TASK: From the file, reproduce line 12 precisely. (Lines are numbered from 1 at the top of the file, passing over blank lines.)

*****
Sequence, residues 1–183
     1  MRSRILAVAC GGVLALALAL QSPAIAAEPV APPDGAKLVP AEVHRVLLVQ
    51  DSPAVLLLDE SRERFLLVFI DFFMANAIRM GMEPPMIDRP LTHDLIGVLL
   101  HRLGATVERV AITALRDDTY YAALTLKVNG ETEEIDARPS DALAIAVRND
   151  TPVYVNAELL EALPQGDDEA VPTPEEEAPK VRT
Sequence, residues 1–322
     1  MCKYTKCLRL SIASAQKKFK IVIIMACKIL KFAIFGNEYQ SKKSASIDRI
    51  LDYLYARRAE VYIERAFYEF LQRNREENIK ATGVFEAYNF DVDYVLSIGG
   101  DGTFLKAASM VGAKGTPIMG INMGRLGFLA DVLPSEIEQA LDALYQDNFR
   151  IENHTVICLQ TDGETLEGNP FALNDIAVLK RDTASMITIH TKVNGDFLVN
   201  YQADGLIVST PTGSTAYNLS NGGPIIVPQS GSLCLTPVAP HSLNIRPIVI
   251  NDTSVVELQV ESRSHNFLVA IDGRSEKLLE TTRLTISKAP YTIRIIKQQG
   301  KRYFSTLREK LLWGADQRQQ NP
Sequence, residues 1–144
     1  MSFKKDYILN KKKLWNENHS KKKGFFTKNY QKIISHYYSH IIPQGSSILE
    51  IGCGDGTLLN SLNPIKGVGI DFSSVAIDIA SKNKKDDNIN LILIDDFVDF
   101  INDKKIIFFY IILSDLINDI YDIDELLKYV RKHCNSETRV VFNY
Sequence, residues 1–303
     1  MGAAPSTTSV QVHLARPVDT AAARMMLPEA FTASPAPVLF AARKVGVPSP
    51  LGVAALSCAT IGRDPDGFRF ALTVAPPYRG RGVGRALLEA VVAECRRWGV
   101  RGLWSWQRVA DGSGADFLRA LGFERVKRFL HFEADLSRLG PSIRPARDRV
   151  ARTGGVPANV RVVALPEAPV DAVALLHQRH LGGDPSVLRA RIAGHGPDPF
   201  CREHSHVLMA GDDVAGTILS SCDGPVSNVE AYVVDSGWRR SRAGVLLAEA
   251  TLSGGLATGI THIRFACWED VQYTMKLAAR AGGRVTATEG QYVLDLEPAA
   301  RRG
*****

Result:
   251  NDTSVVELQV ESRSHNFLVA IDGRSEKLLE TTRLTISKAP YTIRIIKQQG